Report proves safety best practices depress recordable incident rates

The Associated Builders and Contractors 2016 Safety Performance Report — Understanding the Impact of Safety Training Evaluation Process (STEP) Participation documents proactive practices’ potential to reduce recordable incidents up to 86 percent, making the best-performing builders and contractors 700-plus percent safer than the industry average. Six leading indicators have the most dramatic impact: substance abuse program; new hire and site-specific safety orientations; toolbox talks; near-miss/near-hit analyses; and, site safety committee.

ABC 2016 Safety Performance Report was released last month during 2016 Safety Week to further the industry’s understanding of how to make construction jobsites safer. Packed with infographics and practical takeaways, it can be obtained as a pdf from

“Until now, relatively little research has been conducted on the correlation between the use of ‘leading indicators’ and safer construction jobsites,” says ABC President Michael Bellaman. “Now we have empirical evidence from members doing real work on real projects that shows implementing these best practices can produce world-class construction safety programs.”

The Safety Performance Report is based on more than 1,700 sets of unique company data gathered from ABC member companies in building or heavy construction, civil engineering and specialty trades. It tracks 35 data points from ABC 2015 STEP participants to determine the correlation between implementing leading indicator use and lagging indicator performance, which is measured by the Total Recordable Incident Rate (TRIR) and Days Away and Restricted or Transferred (DART) rate. Each data point was sorted using statistically valid methodology developed by the U.S. Bureau of Labor Statistics (BLS) for its annual Occupational Injuries and Illnesses Survey, and combined to produce analyses of STEP participant performance against BLS industry average incidence rates. Among findings:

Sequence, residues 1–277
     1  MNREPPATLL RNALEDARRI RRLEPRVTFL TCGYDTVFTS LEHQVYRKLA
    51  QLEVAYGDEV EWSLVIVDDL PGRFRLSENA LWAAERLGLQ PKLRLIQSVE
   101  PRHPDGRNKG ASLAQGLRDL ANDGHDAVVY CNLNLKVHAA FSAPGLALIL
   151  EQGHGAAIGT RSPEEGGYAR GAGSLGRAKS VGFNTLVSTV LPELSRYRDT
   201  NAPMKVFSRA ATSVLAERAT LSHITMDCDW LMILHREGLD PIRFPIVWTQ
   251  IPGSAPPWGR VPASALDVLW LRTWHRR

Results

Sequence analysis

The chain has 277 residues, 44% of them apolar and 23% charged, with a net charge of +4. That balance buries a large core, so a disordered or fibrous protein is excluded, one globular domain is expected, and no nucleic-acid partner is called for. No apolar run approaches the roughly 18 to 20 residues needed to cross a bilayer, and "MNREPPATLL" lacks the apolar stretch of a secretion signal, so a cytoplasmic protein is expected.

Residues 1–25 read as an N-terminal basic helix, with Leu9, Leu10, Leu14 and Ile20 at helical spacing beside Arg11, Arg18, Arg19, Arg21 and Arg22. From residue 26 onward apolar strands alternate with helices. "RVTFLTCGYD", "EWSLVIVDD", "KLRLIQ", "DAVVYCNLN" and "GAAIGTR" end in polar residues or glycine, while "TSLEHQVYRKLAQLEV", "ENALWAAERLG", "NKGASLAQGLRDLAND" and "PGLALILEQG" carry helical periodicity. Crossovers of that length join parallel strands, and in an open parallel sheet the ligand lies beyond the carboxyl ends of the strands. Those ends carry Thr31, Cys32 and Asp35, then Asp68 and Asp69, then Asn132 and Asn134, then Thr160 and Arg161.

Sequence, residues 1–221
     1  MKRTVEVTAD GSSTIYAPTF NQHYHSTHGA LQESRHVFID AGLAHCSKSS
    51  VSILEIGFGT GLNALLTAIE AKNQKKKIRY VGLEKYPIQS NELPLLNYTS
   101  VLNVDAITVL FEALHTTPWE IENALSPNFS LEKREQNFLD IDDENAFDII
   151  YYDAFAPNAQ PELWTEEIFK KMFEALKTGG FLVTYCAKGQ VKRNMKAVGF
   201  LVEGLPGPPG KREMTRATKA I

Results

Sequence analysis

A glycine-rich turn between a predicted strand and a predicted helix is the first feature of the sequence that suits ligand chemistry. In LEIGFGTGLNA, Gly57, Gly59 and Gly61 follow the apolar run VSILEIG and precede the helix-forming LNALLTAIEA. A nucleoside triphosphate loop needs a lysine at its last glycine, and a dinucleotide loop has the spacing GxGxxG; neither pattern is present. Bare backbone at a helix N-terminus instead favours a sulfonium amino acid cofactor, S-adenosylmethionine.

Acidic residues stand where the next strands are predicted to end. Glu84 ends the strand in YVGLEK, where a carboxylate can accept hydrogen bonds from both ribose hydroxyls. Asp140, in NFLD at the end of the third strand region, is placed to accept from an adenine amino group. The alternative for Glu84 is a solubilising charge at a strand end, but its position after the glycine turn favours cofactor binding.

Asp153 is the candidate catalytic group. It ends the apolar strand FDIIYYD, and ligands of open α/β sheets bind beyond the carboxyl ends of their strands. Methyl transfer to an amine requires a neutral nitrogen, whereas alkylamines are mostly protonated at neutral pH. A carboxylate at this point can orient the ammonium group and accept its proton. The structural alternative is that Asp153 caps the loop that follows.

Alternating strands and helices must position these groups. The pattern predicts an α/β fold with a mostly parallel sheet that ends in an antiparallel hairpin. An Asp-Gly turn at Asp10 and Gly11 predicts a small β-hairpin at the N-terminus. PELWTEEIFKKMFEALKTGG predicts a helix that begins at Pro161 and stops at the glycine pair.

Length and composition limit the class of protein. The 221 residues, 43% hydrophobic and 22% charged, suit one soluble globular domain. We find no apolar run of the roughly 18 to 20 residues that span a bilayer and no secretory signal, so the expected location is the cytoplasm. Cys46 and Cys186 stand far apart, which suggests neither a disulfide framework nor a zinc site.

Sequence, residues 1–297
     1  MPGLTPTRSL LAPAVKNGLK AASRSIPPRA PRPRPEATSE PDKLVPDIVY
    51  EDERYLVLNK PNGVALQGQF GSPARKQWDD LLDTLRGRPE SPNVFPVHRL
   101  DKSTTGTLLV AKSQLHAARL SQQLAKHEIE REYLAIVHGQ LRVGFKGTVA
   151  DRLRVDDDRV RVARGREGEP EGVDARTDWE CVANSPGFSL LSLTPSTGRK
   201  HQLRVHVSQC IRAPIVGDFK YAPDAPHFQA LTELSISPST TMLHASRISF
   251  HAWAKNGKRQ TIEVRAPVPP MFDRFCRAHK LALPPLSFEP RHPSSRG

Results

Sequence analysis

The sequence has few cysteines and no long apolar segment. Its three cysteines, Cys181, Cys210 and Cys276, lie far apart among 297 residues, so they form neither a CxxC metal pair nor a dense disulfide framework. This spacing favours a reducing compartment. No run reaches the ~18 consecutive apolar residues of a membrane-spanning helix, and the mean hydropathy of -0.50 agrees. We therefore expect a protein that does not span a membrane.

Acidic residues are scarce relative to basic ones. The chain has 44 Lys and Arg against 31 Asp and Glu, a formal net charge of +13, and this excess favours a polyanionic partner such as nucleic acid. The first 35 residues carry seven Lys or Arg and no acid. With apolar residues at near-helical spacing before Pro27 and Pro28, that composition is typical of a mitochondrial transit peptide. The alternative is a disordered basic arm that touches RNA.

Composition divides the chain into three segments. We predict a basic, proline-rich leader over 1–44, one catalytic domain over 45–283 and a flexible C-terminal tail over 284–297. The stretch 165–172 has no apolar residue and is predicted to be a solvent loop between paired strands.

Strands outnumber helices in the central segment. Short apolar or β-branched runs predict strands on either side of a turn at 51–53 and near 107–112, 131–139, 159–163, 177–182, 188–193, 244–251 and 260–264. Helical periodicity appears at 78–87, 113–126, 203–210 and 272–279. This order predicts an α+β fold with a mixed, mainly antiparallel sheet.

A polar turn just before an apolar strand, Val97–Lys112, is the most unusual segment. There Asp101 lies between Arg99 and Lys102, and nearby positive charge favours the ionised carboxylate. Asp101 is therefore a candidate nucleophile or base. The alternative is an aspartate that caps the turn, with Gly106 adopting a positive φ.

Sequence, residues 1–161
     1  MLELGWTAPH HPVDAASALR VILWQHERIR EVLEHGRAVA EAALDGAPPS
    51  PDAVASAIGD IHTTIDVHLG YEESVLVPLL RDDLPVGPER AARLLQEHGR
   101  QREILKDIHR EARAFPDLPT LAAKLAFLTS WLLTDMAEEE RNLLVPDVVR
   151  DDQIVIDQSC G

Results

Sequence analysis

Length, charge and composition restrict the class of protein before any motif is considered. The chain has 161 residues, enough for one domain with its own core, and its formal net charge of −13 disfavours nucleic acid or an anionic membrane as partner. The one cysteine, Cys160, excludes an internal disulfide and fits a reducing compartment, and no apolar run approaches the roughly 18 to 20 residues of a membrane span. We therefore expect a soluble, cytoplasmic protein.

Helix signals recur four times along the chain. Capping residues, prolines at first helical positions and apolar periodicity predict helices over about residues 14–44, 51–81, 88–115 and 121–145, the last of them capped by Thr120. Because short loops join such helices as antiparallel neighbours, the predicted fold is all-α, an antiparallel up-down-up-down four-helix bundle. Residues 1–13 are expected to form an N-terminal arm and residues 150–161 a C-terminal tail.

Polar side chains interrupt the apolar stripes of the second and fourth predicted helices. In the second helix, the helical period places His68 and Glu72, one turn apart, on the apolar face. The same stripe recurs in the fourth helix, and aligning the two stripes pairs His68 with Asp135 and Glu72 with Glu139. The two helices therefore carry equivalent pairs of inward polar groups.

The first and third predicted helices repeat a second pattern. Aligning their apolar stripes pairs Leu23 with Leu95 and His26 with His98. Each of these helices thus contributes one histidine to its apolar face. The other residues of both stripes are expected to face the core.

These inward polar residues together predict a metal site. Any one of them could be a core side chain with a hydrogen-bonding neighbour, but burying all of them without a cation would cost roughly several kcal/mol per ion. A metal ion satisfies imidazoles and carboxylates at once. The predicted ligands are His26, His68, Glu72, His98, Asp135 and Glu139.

• Companies attaining the highest level of STEP participation, Diamond, reduced TRIR by 86 percent compared to the BLS industry average of 3.6 injuries/fatalities per 100 full-time employees.
  • Companies with a robust substance abuse program/policy dramatically outperformed those with weaker or no programs, reducing DART by 55 percent and 80 percent, respectively.
  • Conducting a new hire safety orientation of more than 195 minutes reduced TRIR by 93 percent compared to one conducted under 75 minutes.
  • Companies that held site-specific safety orientations reduced their TRIR by 66 percent.
  • Holding daily, versus monthly, toolbox talks (brief, single-topic sessions conducted on the site for all employees) reduced TRIR by 79 percent.
  • Executive engagement and a high level of employee participation created significant results; high-scoring builders or contractors in each area reduced TRIR by 57 percent.

The ABC National Environment, Health & Safety Committee founded STEP in 1989 as a safety benchmarking and improvement tool. Participating members measure their safety processes and policies on 20 key components through a detailed questionnaire with the goal of implementing or enhancing safety programs that reduce jobsite incidence rates. Applying world-class processes, the committee contends, dramatically improves safety performance among participants regardless of company size or type of work.